Finally, author Rahma Krambo, in posting about the issues above, links to possible solutions, including empowering readers to flag spam texts on Amazon, thus filtering out at least some of the bad results (though how can you tell before viewing them which editions of John Milton's Paradise Lost, say, which is a public-domain text, are legitimate republications by scrupulous small publishers and which are spam texts?), but he also suggests a social-networking solution that would involve recommendations by friends. Another idea is for Amazon to charge to upload texts, which would deter at least some of the greediest spammers, especially those churning out crap at no financial or social cost whatsoever to themselves; perhaps some combination of these first and last options might work best. (I say keep Facebook, etc. out of it.) Krambo ends by offering links to a great tool, Plagiarisma.Net, which you may find very useful.  Let me just say that I have utilized this with student papers, thankfully with no upsetting results, and have put some of my own published work through it, again, with no negative results (Amazon's and Google Books' entries were what popped up).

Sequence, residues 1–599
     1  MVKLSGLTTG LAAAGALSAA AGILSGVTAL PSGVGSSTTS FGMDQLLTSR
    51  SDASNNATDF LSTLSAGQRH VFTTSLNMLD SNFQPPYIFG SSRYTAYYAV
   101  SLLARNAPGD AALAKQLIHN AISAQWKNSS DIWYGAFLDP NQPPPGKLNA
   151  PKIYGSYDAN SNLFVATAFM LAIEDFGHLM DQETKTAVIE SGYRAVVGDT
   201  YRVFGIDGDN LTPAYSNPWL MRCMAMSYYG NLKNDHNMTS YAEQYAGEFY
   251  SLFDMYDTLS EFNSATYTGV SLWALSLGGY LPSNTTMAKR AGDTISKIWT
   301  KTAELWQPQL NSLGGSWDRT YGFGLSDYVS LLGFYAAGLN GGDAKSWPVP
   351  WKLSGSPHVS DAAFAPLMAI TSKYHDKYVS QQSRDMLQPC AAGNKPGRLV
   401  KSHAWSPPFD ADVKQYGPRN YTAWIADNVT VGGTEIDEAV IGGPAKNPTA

That said, I have found someone appropriating--stealing--content from this blog, down to the photos at times. (And not just from J's Theater.) Who? TITDILAPA.  I'm still not sure how to get Blogger to do anything about this; flagging the spam site doesn't seem to work, and Blogger's (Google's!) language about lawsuits is terrifying. Terrifying, that is, to the one requesting that such sites be taken down. So the other blog, like the spam e-books, remains online....